Fifth day. Another guy and I went upstream to explore some new water. What we found was the best water we'd seen all trip. A long, classic run with a bucket that seemed to go on forever awaited us as we fist bumped and giggled atop a log jam. I won the roshambo and was first through. As I reached the bucket, every swing seemed to get better than the last. My eyes widened, my pulse increased with each step and each swing I made. If it doesn't happen here, then where?? I looked upstream, hoping to see my buddy hooked up, thinking maybe I just missed the fish. My swings were now in the tailout and I was trying to judge just how many I had before I should call it. Then a swing slowly came into tension. It was an odd feeling, kind of like I had swung my fly into a big branch. I raised my rod slowly and the tension remained, but it gave slightly. I kept raising my rod and the same happened. I started reeling in, thinking that this branch I had snagged was now coming upstream. "Is that a fish?" my buddy yelled from upstream. I shook my head 'no.' I kept reeling but something was very un-snag like about this. Then I felt a head shake, and another. I looked upstream, flashed a smile and said something silly like, "Uhh, yea, yea! It's a fish!" I thought it was a king. It was a dog fight at the start with no runs to speak of. I held strong side pressure and the fish came close. There it rolled. "Hoooolly shittttttt..." we said to each other. It was a big buck. We had the fish in the shallows at that point and my buddy was able to get a hand on his tail. That kicked the battle into high gear. A half dozen times after that, we'd get the fish into the shallows, only to barely touch its tail and it would be off again, on a strong, steady run right to the middle of the run. Finally the fish tired and we had him. It was the biggest steelhead I have ever held. The moment my buddy and I shared after that fish was one I will remember forever. He could've jumped right back in the run in hopes of hooking his own, but we sat there on a log for what seemed like an hour, talking about how it all went down. 'What do you do after you land a fish like that?' we asked each other. I've landed big and meaningful fish in other places that felt similarly and this is what I think the answer is: you watch your buddy fish and hope like hell that he gets one even bigger.
I camped and fished with three other guys. We were mostly split into pairs while on the river. I had met and fished with only one of these guys before this trip began but had talked to the others on the phone. All from northern California, these guys have been steelheading as long as I had been fishing for brookies in New England, which is to say, most of their lives. Their knowledge on Pacific Northwest steelhead and steelhead rivers was humbling. As is often the case, I found myself learning a lot just by watching them cast and fish. Hearing their thoughts on conditions and specific runs was an education in itself. The two guys I hadn't met before became great friends in a couple days. I've had this happen to me a handful of times in past several years, but when you're placed in an angling situation with another angler, one who can appreciate a day's single fish, or a sunset over a steelhead river, it's not hard to get along well. Tentative plans have been made. See you guys soon. And what a small community this fly fishing one is. I met four people on the river who I have mutual friends with. I've already seen one of them and have plans to talk with another when he gets off the river. There's a bond within the fly fishing community already, but put yourself on that river and the bond is even greater.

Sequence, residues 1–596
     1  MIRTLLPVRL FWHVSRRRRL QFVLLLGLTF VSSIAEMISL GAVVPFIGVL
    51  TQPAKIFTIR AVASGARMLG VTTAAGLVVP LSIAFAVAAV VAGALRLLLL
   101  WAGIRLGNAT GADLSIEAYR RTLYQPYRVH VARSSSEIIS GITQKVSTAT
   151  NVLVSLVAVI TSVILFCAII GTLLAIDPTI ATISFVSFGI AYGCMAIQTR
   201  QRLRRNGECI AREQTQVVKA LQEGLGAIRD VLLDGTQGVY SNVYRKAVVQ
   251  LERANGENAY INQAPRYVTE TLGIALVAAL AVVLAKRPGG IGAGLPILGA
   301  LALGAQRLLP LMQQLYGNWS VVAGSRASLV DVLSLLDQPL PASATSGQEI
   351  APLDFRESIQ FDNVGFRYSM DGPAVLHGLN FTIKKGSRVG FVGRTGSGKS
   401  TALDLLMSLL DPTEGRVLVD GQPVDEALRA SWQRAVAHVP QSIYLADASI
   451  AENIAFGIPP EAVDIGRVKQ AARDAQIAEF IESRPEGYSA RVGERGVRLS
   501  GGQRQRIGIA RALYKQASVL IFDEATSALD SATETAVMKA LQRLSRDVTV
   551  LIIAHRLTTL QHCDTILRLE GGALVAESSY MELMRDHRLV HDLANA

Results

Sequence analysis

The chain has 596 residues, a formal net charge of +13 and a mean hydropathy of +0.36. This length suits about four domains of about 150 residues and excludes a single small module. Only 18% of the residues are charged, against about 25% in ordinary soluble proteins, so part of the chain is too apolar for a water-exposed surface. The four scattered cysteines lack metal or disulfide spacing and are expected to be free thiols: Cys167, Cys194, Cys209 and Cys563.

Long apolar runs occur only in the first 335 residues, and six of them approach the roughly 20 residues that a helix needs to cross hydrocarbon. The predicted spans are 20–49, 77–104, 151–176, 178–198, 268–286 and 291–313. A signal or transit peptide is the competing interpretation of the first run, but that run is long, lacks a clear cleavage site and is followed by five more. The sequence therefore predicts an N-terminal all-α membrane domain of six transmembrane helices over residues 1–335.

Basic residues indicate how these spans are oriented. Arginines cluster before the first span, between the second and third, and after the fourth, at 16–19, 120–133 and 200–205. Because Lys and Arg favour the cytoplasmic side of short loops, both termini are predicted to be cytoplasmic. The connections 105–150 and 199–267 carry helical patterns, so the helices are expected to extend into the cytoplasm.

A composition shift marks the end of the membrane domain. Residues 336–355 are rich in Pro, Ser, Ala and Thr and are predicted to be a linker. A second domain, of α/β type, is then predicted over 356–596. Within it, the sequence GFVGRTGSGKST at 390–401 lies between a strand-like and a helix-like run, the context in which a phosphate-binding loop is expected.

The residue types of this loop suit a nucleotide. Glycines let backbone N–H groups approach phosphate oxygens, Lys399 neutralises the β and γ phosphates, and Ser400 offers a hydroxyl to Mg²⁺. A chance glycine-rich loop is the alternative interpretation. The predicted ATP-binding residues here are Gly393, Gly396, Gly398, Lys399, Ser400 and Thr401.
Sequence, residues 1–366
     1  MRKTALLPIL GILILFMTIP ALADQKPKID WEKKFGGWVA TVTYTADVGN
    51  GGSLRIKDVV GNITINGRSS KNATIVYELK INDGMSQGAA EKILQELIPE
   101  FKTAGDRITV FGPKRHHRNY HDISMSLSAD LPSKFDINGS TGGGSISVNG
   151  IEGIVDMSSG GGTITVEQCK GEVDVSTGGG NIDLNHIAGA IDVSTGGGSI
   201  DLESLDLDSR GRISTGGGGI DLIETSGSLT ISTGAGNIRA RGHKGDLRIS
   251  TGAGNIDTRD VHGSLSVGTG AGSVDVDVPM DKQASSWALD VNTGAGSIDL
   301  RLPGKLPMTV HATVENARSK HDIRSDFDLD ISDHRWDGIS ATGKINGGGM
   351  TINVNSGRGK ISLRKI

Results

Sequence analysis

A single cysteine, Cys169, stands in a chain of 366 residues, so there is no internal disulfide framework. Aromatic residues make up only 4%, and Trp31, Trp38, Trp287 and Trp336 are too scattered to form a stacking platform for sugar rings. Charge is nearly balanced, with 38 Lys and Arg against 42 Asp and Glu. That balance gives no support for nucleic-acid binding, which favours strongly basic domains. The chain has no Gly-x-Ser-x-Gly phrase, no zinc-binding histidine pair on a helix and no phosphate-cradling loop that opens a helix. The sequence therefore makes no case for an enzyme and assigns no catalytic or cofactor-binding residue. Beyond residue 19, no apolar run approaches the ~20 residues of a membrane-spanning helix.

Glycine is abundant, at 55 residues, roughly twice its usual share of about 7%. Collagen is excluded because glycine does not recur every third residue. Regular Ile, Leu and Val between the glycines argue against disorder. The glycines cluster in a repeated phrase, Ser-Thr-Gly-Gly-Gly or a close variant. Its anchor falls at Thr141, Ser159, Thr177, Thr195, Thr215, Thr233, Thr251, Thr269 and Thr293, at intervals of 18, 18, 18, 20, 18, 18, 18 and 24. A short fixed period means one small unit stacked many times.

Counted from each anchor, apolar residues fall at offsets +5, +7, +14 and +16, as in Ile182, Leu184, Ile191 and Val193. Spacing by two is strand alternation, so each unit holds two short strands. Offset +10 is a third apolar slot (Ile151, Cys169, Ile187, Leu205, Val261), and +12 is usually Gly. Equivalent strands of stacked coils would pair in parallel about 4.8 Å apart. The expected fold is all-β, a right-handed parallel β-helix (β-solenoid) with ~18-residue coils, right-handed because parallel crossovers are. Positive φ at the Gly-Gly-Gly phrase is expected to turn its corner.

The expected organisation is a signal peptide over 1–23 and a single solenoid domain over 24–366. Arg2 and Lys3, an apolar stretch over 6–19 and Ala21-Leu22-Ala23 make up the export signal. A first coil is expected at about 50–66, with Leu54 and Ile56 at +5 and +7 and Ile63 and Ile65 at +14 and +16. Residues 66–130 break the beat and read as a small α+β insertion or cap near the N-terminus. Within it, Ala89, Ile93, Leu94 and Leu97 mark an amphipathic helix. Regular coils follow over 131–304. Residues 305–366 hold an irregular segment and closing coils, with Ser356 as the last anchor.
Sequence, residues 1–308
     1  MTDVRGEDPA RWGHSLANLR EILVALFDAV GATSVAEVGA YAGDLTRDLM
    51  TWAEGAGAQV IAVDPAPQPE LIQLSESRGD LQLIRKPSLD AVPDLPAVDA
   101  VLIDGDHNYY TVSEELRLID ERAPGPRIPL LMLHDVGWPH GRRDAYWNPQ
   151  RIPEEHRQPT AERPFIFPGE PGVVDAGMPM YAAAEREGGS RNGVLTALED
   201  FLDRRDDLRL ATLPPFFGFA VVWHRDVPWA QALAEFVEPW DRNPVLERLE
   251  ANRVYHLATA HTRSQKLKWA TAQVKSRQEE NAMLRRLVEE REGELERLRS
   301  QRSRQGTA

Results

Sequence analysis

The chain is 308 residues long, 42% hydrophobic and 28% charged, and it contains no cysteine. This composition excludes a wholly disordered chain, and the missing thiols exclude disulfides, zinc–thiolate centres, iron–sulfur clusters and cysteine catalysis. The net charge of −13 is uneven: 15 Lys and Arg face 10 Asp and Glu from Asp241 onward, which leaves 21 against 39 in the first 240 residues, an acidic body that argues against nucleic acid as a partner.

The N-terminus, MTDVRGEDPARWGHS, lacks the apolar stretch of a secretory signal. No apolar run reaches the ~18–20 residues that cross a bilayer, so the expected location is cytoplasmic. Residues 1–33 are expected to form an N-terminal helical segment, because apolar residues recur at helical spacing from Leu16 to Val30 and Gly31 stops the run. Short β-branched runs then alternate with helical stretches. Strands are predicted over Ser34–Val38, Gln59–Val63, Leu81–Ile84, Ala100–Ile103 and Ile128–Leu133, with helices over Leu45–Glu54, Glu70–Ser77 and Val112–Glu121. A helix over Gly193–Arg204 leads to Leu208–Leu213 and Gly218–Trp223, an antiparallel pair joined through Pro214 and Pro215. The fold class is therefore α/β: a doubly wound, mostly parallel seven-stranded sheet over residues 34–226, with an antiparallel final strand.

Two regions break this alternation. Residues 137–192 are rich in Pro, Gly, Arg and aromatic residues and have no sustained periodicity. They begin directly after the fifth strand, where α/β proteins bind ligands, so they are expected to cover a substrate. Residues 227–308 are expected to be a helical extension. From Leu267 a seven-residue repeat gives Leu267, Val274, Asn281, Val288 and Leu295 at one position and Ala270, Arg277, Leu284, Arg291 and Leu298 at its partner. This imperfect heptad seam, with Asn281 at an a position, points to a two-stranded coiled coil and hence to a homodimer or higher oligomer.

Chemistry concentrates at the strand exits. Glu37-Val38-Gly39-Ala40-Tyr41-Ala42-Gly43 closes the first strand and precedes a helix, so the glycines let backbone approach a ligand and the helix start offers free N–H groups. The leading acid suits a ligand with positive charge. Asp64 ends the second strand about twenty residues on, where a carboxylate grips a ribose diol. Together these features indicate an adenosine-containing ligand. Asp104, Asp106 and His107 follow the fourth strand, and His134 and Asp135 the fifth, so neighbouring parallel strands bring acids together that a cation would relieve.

Encounters, pt. 4
Seventh day, upstream of camp. It would be my best day of steelheading ever. The trip had been made already. Spirits and confidence were high. The first run we approached, we each made two passes with no luck. We made our way to another piece that we hadn't fished yet and I sent my buddy through first. I watched from the bank as he started his pass. He was a fair ways down the run when I got up and made my way to the river. I made my way to the very top of the run, as I had done every day before and as I had been told numerous times by better steelheaders than I. I wasn't even sure where my buddy had made his first cast, but I'll be damned if on my second or third I didn't stick one just about where he had been standing ten minutes prior. We tailed the fish and took it in. He started the run over while I sat on the bank thinking about what happened. My confidence soared and I began to get antsy watching my buddy make his pass. I needed my fly in the water. Soon enough, we finished the run and were on to the next. It wasn't far downstream. I told him to go ahead and he did. The writing was on the river for me in that run. It wasn't a classic piece of swing water, but it looked like A-water to me: bouldery and fast on each side, but there was a slower piece right in the middle, where a gravel bar dropped off. The wading would be tough and I'd have to high stick the water in front of me, but there in the middle there'd be a fish. I felt it. I watched as my buddy began his pass. He wasn't starting where I would've started. I picked a rock downstream and when he got there, I made my way upstream and entered the currents. As anticipated the wading was tough, but the cast was not long. My first swing into the good shit, just off the gravel bar and it got yanked like I knew it would. We landed this one and talked about the run. I sent him off with my take on the spot and he continued on. I watched and hoped he would get one even bigger. Fifteen minutes later I tailed his.
Release! from Jesse Lance Robbins on Vimeo.